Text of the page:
Preventing Delayed Treatment of Fetal Distress

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The Doctors Company conducted a study of claims and lawsuits involving neonatal injuries occurring in labor and delivery (L&D). Of the 247 neonatal injury claims that closed from 2007 through 2011, 36 percent (89 claims) included an allegation of delay in treatment of fetal distress. (Although the term “fetal distress” is vague and no longer recommended, the allegation of delay in treatment remains an important concept in understanding these claims and lawsuits.)

The claims review revealed the following:*

  • Nurses failed to identify the fetal heart rate (FHR) tracing (usually Category II or III) as predictive of metabolic acidemia (11 percent). (Earlier terminology described these tracings as nonreassuring.)
  • Nurses recognized FHR tracing as predictive of metabolic acidemia but failed to timely notify the attending physician (20 percent).
  • Physicians did not go to the hospital after receiving calls from nurses with information about FHR tracings predictive of metabolic acidemia (14 percent). Of note, nurses did not document activation of the chain of command when physicians did not respond to the request.
  • Physicians who were aware of concerning FHR tracings did not make a timely decision to initiate a cesarean section (43 percent). (Timely was defined by the expert reviewers.)
  • Patient injury was due to undetermined causes (20 percent).
  • Physicians used other interventions (vacuum extraction or forceps) to facilitate delivery when these concerning patterns were identified (20 percent).
  • Cesarean sections were ordered but delayed (staff or operating room unavailable) (6 percent).
  • The case abstract specifically referenced that physicians disagreed with nurses’ interpretations of FHR tracings (2 percent). This number may be higher based on the number of cases in which physicians failed to go to the hospital when called by the nurse (14 percent).

*Please note that more than one category applied in some of these cases.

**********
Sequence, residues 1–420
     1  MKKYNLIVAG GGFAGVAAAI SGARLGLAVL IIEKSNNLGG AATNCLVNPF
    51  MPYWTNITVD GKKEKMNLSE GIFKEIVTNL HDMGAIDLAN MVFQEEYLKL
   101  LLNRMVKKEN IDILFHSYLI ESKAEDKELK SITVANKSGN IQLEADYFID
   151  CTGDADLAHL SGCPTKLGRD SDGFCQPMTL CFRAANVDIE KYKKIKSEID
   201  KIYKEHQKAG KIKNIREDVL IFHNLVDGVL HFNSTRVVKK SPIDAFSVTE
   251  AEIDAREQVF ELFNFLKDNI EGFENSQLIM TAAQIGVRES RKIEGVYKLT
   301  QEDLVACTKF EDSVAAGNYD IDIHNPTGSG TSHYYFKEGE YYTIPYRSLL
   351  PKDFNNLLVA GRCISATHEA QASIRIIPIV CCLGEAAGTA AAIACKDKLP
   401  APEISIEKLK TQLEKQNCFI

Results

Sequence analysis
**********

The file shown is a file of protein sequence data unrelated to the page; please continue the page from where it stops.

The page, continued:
Be proactive to ensure preparedness.

  • Be knowledgeable of National Institute of Child Health and Human Development (NICHD) classifications.
  • Maintain the technology to view monitor tracings when the physician is out of the hospital.
  • Conduct L&D and OR site drills/simulation training to perform emergency cesarean sections in less than 30 minutes. Establish a system of anesthesia coverage and/or backup physician in house for OB emergencies.

Communicate in real time.

  • Have the ability to view the tracing (by computer, fax, or other technology) if a nurse calls with a concern about a tracing.
  • Engage in dialogue about the tracing, and assign a category and care plan that both the physician and nurse agree on.
  • Ask the nurse if he or she wants the physician to see the patient. If the answer is yes, the physician should go to the hospital without delay. If the answer is no, the physician should ask, “Are you sure?”
  • Develop an effective chain-of-command policy that will be readily activated if conflicts cannot be resolved by conventional means.

Prepare for second-stage complications.

  • Do not regard tracings that would be of concern in the first stage of labor as normal for the second stage. This applies especially to recurrent variable decelerations.
  • Implement a vacuum bundle as advocated by the Institute for Healthcare Improvement (IHI)1 with modifications:
Consider alternative labor strategies. 
Prepare the patient by discussing the risks, documenting consent, and ensuring physical preparedness (empty bladder).
Estimate the fetal weight (EFW), determine the fetal position and the station for high success probability, and document this information.
Predetermine maximum application time and number of pop-offs.
Plan an exit strategy (cesarean section in less than 30 minutes), and confirm that the components are available. Have the resuscitation team available.
  • Implement a protocol for care of the newborn after vacuum delivery.2

Addressing these themes proactively and in real time should become a strategic activity for physicians and nurses who staff obstetrics departments. Increased readiness for and recognition and management of complications, improved communications, and required technical skills should all work in concert to reduce the likelihood of these difficult and tragic outcomes.

 


References

1. Peter Cherouny, MD, “Vacuum Delivery Bundle” (lecture, IHI Perinatal Community: IHI Collaborative, 2007).
2. Michael Ross, MD, “Vacuum Delivery: What Can Go Wrong” (lecture, 27th Annual Conference on Obstetrics, Gynecology, Perinatal Medicine, Neonatology, and the Law, Boston University, January 2011).

 

Excerpted by Patti Herrera, RN, BSN, Patient Safety Analyst, from “Delay in Treatment of Fetal Distress” an article by Larry Veltman, MD, and Darrell Ranum, JD, CPHRM, that originally appeared in The Doctor’s Advocate, third quarter 2012 (www.thedoctors.com/advocate).  


The guidelines suggested here are not rules, do not constitute legal advice, and do not ensure a successful outcome. The ultimate decision regarding the appropriateness of any treatment must be made by each healthcare provider in light of all circumstances prevailing in the individual situation and in accordance with the laws of the jurisdiction in which the care is rendered.

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